Personal Reflections on the History of Our Association

This is an adaptation of an address delivered in response to receiving the Thomas R. Verny Award for Outstanding Contributions to Pre- and Perinatal Psychology and Health at the 1999 Congress. For additional important perspectives on APPPAH’s history, please see Dr. Verny's tribute to Dr. Chamberlain in the Spring 2011 issue of this newsletter. Our Association was born in the mind of Thomas R. Verny. Before this, Thomas had earned doctorates in medicine and psychology and had distinguished himself as a teacher and author. He explains what we might call our conception, in the Foreword to The Secret Life of the Unborn Child (1981, p. 11).
This book really began in the winter of 1975 during a weekend I spent with some friends at their cottage in the country. Helen, my hostess, was seven months pregnant and radiant. Often in the evenings I would find her sitting alone in front of the fireplace, softly singing a beautiful lullaby to her unborn child. This touching scene left a deep impression on me, so when Helen told me later, after the birth of her son, that a lullaby had a magical effect on him, I was intrigued. It seemed that no matter how hard the baby was crying, when Helen began singing that song he quieted down. Was her experience unique, I wondered, or did a woman’s actions, perhaps even her thoughts and feelings, influence her unborn child?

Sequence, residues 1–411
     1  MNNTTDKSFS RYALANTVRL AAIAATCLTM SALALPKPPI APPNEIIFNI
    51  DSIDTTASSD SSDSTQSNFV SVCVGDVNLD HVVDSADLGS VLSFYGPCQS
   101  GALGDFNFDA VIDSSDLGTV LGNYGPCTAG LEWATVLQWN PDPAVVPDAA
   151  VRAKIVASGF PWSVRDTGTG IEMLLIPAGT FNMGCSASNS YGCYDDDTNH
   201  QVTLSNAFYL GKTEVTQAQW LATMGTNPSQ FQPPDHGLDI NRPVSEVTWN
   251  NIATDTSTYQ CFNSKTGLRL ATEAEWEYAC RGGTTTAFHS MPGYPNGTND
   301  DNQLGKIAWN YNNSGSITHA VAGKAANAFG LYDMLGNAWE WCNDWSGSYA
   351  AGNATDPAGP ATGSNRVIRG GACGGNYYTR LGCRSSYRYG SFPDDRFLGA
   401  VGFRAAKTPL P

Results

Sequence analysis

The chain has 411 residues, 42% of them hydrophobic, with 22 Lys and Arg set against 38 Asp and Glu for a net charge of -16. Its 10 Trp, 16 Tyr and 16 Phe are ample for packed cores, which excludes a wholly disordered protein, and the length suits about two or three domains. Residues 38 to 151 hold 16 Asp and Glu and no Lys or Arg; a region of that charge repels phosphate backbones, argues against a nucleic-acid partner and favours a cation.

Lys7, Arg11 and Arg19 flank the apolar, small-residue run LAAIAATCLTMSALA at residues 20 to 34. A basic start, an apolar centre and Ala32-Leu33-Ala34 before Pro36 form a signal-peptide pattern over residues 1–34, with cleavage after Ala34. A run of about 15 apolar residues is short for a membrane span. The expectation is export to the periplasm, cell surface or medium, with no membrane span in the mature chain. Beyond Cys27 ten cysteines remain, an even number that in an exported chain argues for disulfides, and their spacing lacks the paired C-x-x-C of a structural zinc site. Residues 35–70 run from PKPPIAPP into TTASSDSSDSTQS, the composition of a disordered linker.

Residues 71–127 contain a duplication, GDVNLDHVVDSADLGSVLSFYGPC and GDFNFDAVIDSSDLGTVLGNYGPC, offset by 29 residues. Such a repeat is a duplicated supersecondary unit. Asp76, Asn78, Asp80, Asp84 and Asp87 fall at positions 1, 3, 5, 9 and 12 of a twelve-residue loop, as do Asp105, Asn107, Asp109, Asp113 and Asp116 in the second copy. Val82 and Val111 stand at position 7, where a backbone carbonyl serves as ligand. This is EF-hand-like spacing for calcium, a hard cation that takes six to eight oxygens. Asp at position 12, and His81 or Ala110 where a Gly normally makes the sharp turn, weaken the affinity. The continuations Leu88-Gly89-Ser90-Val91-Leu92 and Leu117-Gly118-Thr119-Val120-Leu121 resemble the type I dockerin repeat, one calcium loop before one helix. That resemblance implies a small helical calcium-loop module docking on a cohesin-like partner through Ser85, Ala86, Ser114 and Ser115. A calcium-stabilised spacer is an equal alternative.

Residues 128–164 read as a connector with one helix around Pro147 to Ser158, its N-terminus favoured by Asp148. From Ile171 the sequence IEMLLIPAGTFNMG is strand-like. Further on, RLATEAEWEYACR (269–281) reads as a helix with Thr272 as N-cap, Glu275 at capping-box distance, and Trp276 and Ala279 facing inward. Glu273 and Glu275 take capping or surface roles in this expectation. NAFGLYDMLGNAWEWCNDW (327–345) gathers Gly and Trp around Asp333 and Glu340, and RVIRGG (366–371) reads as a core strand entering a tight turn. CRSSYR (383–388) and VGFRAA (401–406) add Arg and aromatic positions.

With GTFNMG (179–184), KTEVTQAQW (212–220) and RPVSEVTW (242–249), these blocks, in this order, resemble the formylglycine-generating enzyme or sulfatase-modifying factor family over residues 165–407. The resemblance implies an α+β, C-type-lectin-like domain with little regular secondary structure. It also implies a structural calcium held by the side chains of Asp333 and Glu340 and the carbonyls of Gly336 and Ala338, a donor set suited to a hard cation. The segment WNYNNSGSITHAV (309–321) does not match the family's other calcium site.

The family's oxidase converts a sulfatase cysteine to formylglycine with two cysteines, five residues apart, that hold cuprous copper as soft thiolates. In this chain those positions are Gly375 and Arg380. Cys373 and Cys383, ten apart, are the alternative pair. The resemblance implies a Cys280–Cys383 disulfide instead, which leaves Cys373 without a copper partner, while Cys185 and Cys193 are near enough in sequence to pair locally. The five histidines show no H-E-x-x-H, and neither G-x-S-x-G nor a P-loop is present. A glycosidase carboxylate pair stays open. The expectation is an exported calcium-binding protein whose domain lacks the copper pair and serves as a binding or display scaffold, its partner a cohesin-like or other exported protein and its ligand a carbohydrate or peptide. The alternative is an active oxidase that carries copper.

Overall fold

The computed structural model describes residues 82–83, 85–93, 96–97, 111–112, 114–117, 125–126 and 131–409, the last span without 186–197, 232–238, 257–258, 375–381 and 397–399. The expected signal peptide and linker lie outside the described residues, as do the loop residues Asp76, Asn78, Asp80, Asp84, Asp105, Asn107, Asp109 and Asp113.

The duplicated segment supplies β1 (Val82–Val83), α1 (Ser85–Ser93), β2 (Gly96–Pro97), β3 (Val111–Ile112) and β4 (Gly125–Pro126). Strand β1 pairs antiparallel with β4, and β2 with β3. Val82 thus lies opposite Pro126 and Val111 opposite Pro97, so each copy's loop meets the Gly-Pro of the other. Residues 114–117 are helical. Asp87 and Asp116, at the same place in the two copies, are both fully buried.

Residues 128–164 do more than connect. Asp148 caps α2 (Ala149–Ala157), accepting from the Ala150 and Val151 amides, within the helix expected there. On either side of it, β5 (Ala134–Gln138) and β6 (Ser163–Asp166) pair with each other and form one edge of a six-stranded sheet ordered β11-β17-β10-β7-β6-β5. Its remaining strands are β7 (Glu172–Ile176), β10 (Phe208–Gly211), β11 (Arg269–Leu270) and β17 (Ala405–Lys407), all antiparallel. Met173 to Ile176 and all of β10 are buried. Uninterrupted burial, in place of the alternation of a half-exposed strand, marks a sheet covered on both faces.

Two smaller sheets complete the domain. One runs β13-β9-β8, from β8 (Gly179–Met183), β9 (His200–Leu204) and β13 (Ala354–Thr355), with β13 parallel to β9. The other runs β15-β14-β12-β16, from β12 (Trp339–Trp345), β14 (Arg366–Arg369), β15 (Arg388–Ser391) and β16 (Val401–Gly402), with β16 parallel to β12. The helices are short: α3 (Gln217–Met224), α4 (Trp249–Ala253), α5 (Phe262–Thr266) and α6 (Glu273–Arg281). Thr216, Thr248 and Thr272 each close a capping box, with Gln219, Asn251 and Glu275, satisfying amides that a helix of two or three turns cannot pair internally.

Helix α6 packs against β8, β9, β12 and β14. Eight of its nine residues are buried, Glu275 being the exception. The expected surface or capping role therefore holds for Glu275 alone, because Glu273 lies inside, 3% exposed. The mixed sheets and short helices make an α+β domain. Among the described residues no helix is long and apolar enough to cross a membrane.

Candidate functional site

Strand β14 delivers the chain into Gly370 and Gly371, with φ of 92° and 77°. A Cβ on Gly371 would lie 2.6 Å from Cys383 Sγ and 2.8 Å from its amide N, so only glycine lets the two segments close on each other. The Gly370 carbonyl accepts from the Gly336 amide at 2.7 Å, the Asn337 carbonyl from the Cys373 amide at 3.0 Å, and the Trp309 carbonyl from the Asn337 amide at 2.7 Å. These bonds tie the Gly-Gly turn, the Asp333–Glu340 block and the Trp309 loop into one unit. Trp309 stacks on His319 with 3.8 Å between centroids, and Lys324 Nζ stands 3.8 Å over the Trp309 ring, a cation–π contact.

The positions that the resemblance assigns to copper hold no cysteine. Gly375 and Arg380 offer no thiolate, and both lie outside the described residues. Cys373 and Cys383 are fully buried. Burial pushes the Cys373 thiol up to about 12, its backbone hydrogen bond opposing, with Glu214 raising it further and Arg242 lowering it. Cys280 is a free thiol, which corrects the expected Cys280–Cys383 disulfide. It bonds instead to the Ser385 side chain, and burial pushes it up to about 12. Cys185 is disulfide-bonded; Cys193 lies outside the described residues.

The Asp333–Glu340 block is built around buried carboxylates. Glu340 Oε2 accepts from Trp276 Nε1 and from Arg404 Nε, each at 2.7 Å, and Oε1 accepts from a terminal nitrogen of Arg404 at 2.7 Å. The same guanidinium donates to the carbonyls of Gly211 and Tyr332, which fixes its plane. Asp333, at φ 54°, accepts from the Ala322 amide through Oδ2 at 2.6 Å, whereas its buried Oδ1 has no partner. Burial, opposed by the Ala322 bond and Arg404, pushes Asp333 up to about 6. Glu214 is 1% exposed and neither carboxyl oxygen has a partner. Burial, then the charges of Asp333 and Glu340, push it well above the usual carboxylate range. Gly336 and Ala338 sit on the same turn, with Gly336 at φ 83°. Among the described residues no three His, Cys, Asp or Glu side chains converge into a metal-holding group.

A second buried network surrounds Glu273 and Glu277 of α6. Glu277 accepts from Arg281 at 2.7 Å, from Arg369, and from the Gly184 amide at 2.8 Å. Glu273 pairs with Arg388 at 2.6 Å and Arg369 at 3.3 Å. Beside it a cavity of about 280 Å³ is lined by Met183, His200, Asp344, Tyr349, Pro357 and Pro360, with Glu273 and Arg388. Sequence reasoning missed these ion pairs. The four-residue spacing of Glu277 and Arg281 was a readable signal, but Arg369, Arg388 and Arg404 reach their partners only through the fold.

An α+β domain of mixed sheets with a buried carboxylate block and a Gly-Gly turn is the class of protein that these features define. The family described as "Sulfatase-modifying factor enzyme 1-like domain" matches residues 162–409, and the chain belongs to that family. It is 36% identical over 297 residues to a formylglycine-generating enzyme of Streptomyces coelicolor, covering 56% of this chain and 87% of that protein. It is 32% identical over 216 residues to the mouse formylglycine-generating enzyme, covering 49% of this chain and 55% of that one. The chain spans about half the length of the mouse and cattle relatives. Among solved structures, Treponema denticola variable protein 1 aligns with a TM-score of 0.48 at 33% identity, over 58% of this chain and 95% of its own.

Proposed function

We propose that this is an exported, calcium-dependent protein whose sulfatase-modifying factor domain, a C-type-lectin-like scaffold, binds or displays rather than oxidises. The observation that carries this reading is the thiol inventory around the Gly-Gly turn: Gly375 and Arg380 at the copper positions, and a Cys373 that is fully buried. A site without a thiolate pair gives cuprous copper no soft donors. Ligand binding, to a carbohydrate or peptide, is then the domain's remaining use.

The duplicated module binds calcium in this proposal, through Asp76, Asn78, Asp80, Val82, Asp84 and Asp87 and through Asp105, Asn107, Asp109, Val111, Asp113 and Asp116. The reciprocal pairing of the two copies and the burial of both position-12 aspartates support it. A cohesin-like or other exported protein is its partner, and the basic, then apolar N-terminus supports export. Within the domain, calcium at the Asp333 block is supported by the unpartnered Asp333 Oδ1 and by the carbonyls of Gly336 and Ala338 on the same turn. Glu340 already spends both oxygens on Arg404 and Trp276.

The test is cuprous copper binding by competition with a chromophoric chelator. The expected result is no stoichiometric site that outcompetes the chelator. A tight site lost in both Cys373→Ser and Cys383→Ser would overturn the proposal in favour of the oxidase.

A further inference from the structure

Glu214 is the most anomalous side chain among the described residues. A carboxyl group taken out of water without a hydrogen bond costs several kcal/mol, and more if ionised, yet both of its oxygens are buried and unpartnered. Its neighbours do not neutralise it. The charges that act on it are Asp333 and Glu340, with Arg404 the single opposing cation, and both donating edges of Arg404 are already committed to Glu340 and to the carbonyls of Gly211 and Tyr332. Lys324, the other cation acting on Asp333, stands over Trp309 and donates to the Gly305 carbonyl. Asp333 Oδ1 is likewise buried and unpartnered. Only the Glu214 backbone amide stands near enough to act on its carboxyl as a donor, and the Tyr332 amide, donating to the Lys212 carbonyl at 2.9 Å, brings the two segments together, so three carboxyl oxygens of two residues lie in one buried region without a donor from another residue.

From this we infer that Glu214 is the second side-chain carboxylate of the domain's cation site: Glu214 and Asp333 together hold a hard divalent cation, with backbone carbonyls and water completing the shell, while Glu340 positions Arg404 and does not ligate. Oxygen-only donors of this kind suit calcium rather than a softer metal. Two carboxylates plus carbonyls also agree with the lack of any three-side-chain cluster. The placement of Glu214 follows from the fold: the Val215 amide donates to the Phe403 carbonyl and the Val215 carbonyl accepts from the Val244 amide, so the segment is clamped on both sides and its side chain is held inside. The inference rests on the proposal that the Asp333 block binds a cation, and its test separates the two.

The Secret Life of the Unborn Child opened doors and proved to be the forerunner of the activities to follow. Thomas was the visionary who could see the emergence of an important new discipline that would require the attention of professionals from many different branches of study. He was the weaver who recognized the value of the separate strands of many contributors and was the first to weave them into one fabric. Communicator that he was, Thomas reached out to everyone he could find who had similar interests and brought us together one by one. Founding board members were Dr. Verny, Sandra Collier, Marcia Penner, and attorney Paul Dineen. The objectives of the Association were to further understand the psychology of pregnancy and birth and the ways in which pregnant mothers influence the unborn; to study the effects of medical intervention on mothers and babies; to explore remedial techniques to counteract pre- and perinatal traumas; to enhance the mental and physical health of mothers and fathers and their babies; to publish and distribute information; and to organize educational meetings for the purpose of exploring the above issues. Professionals and non-professionals were invited to meet in an atmosphere of openness free of dogma. The 1st International Congress on Pre- and Perinatal Psychology had a distinctly international flavor with Alfred Tomatis, Michel Odent and Anne-Marie Saurel from France, Sheila Kitzinger and W. Ernest Freud from London, Arnoldo Rascovsky from Argentina, Peter Fedor-Freyberg from Sweden, Hans Rausch and Ivan Milakovic from West Germany, and Averil Earnshaw from Australia. Sir William Liley, pioneering fetologist from New Zealand was on the program but died shortly before the Congress. The meeting was inspirational, egalitarian, interdisciplinary and life-changing—a character which would be preserved in all succeeding congresses. (Interestingly, seven speakers from the first congress were also on the program for the 9th biennial congress in 1999: Barbara Findeisen, Lewis Mehl, Stanislav Grof, Bob Mandel, Carista Luminare-Rosen, Thomas Verny and myself.) That all the speakers were well prepared for the opportunity to speak on prenatal and perinatal psychology in 1983 confirmed the accuracy of Dr.Verny’s vision and the reality of a new discipline whose time had come. Members of this readership know better than most that mothers themselves need nourishment if they are going to nourish their children. Your dues, financial gifts, and volunteer services are the life blood that keeps the Association in vigorous health and assures that it can serve both you and the world. I appeal for your steady support and diligent work on behalf of the Association as it continues beyond this silver anniversary, to reach out to professionals, parents and babies everywhere.